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only, about two months. and i would remind my clean colleagues -- remind my republican colleagues that this includes justice anthony kennedy's confirmation, which took place in february of 1988, a california judge in the final year of president reagan's presidency and before a democratic senate. so a democratic senate took a republican president's nominee in the final year, who was a republican, and made him a justice of the united states supreme court. this has held true even for controversial nominees. robert bork and clarence thomas both failed to win a majority vote by the judiciary committee, but their nominations still advanced to a full senate vote. that was even the case for
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justice thomas, a very conservative jurist, who replaced justice thurgood marshall, a very liberal jurist. and, again, this took place in a democratic-controlled senate. many of my republican colleagues have voiced their own support for a president's right to have his nominee considered. someone i consider a friend who is chairman of the judiciary committee -- who was chairman of the judiciary committee during periods of my tenure, senator orrin hatch, who voted in favor of justice ginsburg, said at the time -- and i know i noted it, because i was sitting right there and heard it -- said that he believed a president deserves some deference on supreme court appointments. he said he would not vote against a nominee simply because he would have chosen someone else. senator grassley, now chairman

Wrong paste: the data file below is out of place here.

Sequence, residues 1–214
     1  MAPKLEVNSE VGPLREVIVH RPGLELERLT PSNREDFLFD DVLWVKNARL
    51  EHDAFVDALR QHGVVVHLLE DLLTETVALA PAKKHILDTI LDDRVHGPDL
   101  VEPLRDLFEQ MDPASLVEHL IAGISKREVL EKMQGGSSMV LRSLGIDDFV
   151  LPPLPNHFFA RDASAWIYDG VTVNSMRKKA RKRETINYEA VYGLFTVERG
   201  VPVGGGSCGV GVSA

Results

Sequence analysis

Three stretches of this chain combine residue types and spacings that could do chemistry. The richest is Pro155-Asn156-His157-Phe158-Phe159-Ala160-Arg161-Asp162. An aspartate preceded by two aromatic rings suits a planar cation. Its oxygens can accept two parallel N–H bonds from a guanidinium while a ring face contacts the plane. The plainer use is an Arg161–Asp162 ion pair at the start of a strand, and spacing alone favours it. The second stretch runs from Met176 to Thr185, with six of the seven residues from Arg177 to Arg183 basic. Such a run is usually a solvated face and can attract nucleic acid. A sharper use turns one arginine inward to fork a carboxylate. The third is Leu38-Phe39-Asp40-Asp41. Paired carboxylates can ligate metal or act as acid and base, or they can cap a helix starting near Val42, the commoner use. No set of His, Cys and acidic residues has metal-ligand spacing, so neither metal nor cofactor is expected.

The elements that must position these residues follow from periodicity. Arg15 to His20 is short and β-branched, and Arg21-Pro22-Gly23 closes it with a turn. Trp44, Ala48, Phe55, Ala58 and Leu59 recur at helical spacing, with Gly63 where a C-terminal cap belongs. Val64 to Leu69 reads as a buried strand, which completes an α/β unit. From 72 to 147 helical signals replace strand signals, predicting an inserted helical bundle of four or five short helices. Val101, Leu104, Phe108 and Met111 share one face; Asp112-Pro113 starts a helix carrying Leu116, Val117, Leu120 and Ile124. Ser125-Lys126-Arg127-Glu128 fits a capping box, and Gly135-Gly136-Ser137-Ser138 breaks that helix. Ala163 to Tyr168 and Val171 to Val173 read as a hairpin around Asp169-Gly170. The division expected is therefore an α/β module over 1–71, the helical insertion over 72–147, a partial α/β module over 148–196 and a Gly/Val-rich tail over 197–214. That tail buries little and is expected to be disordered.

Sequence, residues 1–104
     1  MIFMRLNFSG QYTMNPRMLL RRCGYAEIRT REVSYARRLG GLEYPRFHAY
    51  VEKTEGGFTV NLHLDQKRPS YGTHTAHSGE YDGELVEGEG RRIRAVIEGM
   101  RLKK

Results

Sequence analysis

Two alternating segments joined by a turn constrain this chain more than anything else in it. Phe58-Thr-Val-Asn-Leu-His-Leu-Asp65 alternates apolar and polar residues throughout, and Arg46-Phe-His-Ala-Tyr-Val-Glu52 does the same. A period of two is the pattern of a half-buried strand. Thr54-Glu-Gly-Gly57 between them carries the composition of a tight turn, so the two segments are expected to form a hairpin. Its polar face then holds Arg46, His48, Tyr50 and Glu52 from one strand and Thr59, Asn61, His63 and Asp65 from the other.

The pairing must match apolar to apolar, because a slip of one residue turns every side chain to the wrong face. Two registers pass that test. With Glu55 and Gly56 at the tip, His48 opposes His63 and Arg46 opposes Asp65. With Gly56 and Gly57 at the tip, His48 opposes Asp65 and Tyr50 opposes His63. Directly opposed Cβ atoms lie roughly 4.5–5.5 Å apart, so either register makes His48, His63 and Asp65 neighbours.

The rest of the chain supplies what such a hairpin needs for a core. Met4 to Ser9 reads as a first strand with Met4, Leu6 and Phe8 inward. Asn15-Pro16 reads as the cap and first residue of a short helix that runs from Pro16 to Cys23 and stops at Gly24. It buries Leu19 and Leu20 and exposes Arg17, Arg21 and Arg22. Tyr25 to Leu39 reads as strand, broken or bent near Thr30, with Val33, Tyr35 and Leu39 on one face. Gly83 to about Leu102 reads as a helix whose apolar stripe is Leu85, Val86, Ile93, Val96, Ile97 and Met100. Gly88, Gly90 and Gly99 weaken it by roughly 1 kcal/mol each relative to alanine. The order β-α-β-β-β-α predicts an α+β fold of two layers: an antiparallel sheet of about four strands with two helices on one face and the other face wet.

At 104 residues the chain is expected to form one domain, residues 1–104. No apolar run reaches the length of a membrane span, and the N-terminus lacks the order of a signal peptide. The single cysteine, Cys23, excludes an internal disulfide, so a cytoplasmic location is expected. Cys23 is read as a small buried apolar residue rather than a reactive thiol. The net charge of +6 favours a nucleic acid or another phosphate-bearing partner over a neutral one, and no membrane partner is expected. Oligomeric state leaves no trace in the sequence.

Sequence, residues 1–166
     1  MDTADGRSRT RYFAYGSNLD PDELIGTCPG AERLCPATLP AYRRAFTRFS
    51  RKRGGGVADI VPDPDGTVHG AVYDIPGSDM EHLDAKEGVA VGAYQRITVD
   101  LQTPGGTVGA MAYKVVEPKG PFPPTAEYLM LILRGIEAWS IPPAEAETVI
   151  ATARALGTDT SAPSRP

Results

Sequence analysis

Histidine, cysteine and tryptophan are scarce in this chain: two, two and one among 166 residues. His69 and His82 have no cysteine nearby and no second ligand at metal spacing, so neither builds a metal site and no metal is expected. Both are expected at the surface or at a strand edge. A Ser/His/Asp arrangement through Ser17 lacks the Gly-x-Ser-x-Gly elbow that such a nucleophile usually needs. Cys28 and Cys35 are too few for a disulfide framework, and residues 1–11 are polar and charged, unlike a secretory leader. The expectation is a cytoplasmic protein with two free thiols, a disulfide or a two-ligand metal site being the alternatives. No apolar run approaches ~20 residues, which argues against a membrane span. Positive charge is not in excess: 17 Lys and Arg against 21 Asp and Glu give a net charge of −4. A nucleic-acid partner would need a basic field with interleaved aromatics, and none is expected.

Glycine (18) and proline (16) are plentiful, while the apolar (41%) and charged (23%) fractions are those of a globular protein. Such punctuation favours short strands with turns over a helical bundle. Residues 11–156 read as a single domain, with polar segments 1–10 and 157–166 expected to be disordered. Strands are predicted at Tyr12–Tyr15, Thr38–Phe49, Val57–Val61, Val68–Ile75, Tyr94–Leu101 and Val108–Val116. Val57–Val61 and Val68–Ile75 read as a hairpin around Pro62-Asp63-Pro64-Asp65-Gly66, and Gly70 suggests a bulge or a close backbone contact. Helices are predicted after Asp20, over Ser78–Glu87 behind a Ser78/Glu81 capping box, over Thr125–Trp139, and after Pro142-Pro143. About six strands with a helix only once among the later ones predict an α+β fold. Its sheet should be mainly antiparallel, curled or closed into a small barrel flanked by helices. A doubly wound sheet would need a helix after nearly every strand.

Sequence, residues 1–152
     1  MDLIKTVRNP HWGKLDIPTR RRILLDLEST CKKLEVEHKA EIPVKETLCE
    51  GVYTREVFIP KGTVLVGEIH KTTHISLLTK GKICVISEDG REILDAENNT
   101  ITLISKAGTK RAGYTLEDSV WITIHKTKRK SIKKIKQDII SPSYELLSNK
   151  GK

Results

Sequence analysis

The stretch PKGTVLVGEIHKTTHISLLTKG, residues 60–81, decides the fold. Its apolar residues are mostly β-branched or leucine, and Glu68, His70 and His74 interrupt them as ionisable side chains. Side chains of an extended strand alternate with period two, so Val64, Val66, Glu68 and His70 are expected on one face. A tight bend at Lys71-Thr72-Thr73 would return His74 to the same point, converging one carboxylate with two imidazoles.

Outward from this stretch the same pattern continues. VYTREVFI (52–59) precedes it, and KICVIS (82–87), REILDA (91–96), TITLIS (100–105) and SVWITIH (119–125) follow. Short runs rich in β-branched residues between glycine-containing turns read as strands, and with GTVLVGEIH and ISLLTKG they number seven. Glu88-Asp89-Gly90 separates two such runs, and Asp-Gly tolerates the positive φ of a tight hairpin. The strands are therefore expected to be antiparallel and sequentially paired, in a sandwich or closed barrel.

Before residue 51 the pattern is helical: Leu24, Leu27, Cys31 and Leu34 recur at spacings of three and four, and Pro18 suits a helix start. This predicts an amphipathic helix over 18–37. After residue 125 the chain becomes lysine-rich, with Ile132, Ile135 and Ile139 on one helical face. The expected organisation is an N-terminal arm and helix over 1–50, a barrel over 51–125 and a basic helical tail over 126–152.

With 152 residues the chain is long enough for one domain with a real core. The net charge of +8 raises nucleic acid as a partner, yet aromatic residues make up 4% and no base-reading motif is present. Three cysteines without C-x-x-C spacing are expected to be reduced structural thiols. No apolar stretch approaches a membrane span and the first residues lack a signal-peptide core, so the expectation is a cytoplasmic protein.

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of the judiciary committee, made similar comments, saying congress must not forget its advice and consent responsibilities. well, those responsibilities don't cease with the death of a jurist. as a matter of fact, that's the clear intent of the constitution, that the advice and consent responsibility is mandated, no matter what. so to refuse to hold hearings before a nominee is even announced, to me, is shocking, and it makes me think, you know, to what extent is the partisanship inherent in this body going, when it's willing to deny the supreme court a vital member? it would be like denying a baseball team a pitcher.